Summary: A challenge to wake up, work out and walk right.
Dealing With The Devil
Woodlawn Baptist Church
June 10, 2007
He blinds the minds of the unsaved. He steals away the good seed sown in the heart. He lulls unbelievers into a false sense of security. He lays snares for those unaware. He masquerades as an angel of light, mixes truth with error and deceives the minds of those who are not in the Word of God. He persecutes the Lord’s churches. He perverts the gospel. He disturbs our unity and sows the seeds of heresy. He is none other than Lucifer, that old dragon, the devil.
We know him as Satan, and today as I begin a short series of messages about spiritual warfare I want to begin here, with the originator of all spiritual warfare. The Bible tells us in Ephesians 6:12,
“We wrestle not against flesh and blood, but against principalities, against powers, against the rulers of the darkness of this world, against spiritual wickedness in high places.”
I like the way the New Living Translation reads.
“For we are not fighting against flesh-and-blood enemies, but against evil rulers and authorities of the unseen world, against mighty powers in this dark world, and against evil spirits in the heavenly places.”
More than we know there is a war raging around us every day, even now; a war that cannot be fought with guns and tanks and missiles. The war is real and cannot be taken lightly. It is not a figure of speech reminding us of how bad things get, it is a real war involving real spirits and it effects real people, churches and families.
Unlike the war in Iraq, where we pay men and women to go off and fight and we can read about it or watch it on T.V. from the comfort of our homes, this war is taking place in our homes. There are no bystanders, no silent observers. It effects us all. The question today is whether it engages us all. You see, far to many, most people in fact, forget, dismiss, or ignore the spiritual warfare that is raging. While the war goes on, they have laid down their weapons and have been taken captive.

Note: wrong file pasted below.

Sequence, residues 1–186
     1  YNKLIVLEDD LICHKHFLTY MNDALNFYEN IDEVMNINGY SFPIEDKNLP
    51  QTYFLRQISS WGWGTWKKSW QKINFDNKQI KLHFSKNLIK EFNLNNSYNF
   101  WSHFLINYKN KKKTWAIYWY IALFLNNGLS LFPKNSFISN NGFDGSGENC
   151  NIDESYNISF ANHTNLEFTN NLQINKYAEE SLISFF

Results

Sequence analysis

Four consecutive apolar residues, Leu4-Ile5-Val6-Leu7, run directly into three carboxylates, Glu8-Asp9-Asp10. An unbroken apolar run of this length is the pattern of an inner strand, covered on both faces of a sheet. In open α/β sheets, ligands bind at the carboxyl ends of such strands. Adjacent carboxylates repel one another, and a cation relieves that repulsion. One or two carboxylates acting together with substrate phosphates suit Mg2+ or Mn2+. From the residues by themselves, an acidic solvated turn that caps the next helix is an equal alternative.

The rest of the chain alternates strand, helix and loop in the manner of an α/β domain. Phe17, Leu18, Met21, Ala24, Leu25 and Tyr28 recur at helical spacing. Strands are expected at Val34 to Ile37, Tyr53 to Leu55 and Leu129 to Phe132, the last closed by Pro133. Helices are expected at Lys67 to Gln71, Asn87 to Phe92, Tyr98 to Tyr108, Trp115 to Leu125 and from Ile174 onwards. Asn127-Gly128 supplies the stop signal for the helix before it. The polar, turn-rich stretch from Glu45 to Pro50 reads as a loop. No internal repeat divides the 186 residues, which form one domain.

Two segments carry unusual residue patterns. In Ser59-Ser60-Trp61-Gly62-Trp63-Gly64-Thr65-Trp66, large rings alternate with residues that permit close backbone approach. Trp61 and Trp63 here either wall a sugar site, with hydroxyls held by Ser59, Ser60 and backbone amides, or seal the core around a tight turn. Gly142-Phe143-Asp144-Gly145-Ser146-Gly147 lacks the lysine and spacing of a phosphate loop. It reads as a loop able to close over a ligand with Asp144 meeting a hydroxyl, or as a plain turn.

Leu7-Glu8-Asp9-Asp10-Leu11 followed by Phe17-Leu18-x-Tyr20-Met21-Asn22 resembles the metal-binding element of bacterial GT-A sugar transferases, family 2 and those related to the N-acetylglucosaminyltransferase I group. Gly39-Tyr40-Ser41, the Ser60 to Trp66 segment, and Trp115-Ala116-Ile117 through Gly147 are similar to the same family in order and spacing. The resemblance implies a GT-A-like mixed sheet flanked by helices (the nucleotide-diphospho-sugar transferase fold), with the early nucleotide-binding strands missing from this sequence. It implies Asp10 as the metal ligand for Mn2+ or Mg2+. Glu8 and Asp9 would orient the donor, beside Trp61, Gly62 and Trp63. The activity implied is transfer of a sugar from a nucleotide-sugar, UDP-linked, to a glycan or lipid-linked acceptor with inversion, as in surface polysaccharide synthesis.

Today I have no intention of giving you a theological lesson about the devil. Instead, this is a call to action: a call for you, for this church, for your families to quit living like spectators and instead to become fully engaged in the battle ourselves. I want to give you three challenges related to this call to arms.
According to a study done by the Barna Research Group in 2006, more than half of adults surveyed say that Satan is only a symbol of evil. A full 45% of Christians deny Satan’s existence. In the same way we view Cupid as a symbol of love, these are professing believers who think that Satan is only a symbol of evil! The Bible doesn’t address Satan as an idea or symbol, but as a real being who exists, communicates, thinks, has emotion and acts.
Do we really believe the Bible? A couple of weeks ago John quoted a popular story about the preacher and the writer. Thousands flocked to hear the writer, so the preacher wanted to know how he did it. If you remember, the writer said, “I tell fiction as though it were truth, and you tell truth as though it were fiction.” That’s the truth! We’ve reduced Satan to a fictitious man in a red suit with horns, but the Bible declares that he is real!
• In Genesis 3 he was the deceiver in the Garden of Eden, planting doubt and confusion about man’s need for God.
• In 1 Chronicles he was the provoker who led David to number the people of Israel, an act of pride and arrogance considering that God had built the nation, not David
• In Job 1 he was the accuser and tormenter of Job.
• In Matthew 4 he was the tempter during Jesus’ wilderness testing.
• He led Judas to betray the Savior.
• He filled Ananias’ heart with greed and lies so that he lied to the Holy Spirit.
The Scriptures are plain: Satan was at work throughout the Old Testament, he was at work in the New Testament and he is still at work today! That’s why Paul told us to put on the whole armor of God – so we might stand against the strategies of Satan: strategies like doubt, pride, lies, accusations, false security and deception. He uses those strategies against you, your family and this church. But irregardless of what strategy he uses, the point is always the same: we don’t need God.
That was his point in the Garden. Adam and Eve didn’t need God when they could be gods. That was his point with David. David was a great and mighty king! He had built an empire himself! He didn’t need God. When Satan tempted Jesus to turn stones to bread, to jump off the temple, and to bow at his feet, the temptation was for Jesus to deny His need for God.